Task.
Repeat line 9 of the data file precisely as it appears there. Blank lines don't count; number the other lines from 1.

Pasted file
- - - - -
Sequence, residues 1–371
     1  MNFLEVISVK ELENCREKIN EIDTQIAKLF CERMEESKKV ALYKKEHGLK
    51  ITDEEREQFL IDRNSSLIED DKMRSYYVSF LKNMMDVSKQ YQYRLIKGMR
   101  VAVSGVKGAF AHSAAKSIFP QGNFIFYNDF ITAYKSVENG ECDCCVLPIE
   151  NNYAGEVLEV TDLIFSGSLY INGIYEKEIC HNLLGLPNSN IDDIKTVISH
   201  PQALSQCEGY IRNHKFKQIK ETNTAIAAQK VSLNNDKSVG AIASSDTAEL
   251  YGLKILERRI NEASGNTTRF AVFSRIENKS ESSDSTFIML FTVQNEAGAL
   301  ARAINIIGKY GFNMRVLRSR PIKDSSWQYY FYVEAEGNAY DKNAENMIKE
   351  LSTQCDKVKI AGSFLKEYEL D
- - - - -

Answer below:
   351  LSTQCDKVKI AGSFLKEYEL D